Re: [WarOf1812] 'Fair' history, was Naval Battles
- BritcomHMP@... wrote:
> Interesting stuff Ray, personally I think the biggest fault in historicalThis is a very general statement, and I am not sure it holds in current historical research. I do not know of any historians who claim this. Of course, Mel Gibson did
> research is the belief that there is 'one truth' that is just over the
in the opening of 'Braveheart'!!!!!!!!! I have not seen 'Patriot' - but it seems we have already had this discussion.
>Have you read N.F. Dixon, On the Psychology of Military Incompetence. (1976)? Written by a combat officer (Royal Engineers), and psychiatrist. He adopts Janis's notion
> When I did my little piece on the Battle of New Orleans it came home to me
> quite forcefully that there might have been only one battle but depending
> which side of the line you were one it was a totally different event.
> For the Americans, a force that they thought would be all but invincible was
> coming at them again after they had beaten back similar attacks on two
> previous occasions.
> For the British an ill disciplined and indifferently led force which had put
> up a less than average defense to cautious probes was suddenly fighting with
of 'Groupthink' very well.
>Yet there are and were Generals and Field Marshalls who did not accept this point of view, and went ahead and wrote their versions of battles and campaigns - Eisenhower,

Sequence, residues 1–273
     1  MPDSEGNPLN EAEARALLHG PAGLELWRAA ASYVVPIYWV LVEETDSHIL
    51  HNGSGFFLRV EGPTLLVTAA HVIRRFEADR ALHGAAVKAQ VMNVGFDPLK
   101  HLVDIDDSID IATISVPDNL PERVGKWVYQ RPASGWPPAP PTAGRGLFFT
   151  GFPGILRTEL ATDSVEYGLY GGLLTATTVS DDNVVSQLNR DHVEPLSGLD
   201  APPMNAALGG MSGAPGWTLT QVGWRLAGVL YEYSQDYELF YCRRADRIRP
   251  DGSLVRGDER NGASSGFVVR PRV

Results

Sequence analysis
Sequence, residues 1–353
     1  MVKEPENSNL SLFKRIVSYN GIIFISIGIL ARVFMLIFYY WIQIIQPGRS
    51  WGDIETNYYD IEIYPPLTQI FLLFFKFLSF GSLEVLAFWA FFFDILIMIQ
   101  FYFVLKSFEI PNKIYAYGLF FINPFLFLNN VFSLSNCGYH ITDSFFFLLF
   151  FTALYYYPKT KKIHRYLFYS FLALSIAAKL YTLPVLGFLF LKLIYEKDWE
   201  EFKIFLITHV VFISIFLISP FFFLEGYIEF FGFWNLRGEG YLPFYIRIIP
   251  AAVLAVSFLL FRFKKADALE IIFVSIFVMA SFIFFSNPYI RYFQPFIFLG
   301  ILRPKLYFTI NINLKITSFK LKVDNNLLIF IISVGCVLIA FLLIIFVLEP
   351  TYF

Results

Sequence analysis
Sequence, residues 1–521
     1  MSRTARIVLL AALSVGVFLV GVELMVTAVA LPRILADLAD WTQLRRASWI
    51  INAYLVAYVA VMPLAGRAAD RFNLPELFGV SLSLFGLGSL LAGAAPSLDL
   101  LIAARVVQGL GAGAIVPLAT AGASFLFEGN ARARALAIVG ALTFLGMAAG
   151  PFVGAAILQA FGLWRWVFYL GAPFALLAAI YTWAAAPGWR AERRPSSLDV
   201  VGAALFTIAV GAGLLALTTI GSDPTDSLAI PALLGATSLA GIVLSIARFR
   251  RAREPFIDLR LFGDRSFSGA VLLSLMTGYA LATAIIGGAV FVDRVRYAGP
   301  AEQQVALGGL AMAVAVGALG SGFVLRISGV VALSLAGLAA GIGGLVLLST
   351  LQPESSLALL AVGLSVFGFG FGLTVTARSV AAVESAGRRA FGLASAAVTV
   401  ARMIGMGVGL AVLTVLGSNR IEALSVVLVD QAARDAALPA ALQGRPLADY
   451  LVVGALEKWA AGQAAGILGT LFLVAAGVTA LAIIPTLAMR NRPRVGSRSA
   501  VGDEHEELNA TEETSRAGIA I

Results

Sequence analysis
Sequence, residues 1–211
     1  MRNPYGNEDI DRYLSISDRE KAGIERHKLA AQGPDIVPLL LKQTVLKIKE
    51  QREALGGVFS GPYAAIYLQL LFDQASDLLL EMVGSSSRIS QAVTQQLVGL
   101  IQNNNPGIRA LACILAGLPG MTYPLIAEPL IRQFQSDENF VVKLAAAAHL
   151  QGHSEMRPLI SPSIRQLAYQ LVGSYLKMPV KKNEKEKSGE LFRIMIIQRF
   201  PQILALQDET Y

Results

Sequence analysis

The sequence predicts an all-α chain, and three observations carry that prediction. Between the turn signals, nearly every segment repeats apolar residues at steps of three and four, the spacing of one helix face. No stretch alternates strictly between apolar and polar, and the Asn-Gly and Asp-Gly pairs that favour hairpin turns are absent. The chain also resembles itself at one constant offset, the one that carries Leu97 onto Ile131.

> I think Wellington put it well when he said you might as well try to write
> the history of a ball as a battle. You might know who attended and some of
> the major events but to work out exactly who was dancing with whom at which
> particular point was impossible.
Montgomery, Horrocks, Schwarzkopf come to mind. None of them were trained historians. But their 'accounts' are useful in adding to the collection of data, which in
cludes their own personality and character. None contain THE truth, as you say.
Voltaire wrote, 'God is in the details.' Now, if we could just find enough of them.....!
- In a message dated 8/7/2000 10:41:04 AM Central Daylight Time,
<< And I think that we already discussed that it was
S.O.P in those days to toast a city AFter everybody
but the rearguard had passed through, and we are in
agreement that Jackson was both pragmatic and
cold-blooded enough to stick the local boys with the
distinct oppoprtunity to defend their Gallic honor by
being tasked with the job of slowing down the Brits
"until the wounded and woman and children have been
safely moved to a place of safety (Natchez just popped
into my head<g>)"
Ah but you forget Fitz,Vincent Nalty for one had already guessed what was in
the back of Jackson's mind. Several of the locals were already very anti
Jackson so I think the idea that Jackson and the regulars would be alowed to
swan throgh town while the locals were assigned to a second defense is not in
the realm of reality. It is always wise to remember that the Ursuline Nuns
were praying for the intercession of Our Lady of Prompt Succour that the city
be saved, this is usually interpreted as praying for the defeat of the
British but that is not necessarily so!
<<BTW, I get the impression that you are familier with
historical miniatures wargaming, from your book - may
I ask what rules are currently being used there with
the group in Chalmette? Just Curious. >>
I am afraid not, I gave up wargaming when I discovered re-enactment. That
section of the book was written by someone else, its part of the Osprey
format. Personally I would have liked to put more about the battle in it.